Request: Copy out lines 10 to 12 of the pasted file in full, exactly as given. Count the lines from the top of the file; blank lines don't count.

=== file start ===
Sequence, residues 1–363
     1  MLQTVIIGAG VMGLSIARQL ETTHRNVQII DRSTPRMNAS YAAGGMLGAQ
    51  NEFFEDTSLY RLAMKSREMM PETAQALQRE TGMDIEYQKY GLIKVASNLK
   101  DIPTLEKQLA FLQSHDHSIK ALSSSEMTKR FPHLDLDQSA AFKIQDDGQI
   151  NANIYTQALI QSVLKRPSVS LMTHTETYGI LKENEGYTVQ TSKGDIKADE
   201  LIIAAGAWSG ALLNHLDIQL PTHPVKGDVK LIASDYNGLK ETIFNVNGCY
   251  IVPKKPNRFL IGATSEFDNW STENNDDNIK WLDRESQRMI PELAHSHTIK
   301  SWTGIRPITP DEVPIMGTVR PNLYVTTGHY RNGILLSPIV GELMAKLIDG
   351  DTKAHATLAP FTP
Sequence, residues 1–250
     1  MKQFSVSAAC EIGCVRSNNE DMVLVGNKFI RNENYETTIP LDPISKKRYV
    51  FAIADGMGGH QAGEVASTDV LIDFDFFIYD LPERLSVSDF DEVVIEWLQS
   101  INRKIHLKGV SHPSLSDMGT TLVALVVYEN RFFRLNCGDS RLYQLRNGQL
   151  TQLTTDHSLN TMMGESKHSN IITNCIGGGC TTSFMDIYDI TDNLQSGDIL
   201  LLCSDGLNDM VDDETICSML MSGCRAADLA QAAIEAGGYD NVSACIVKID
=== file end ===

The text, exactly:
Sequence, residues 1–250
     1  MKQFSVSAAC EIGCVRSNNE DMVLVGNKFI RNENYETTIP LDPISKKRYV
    51  FAIADGMGGH QAGEVASTDV LIDFDFFIYD LPERLSVSDF DEVVIEWLQS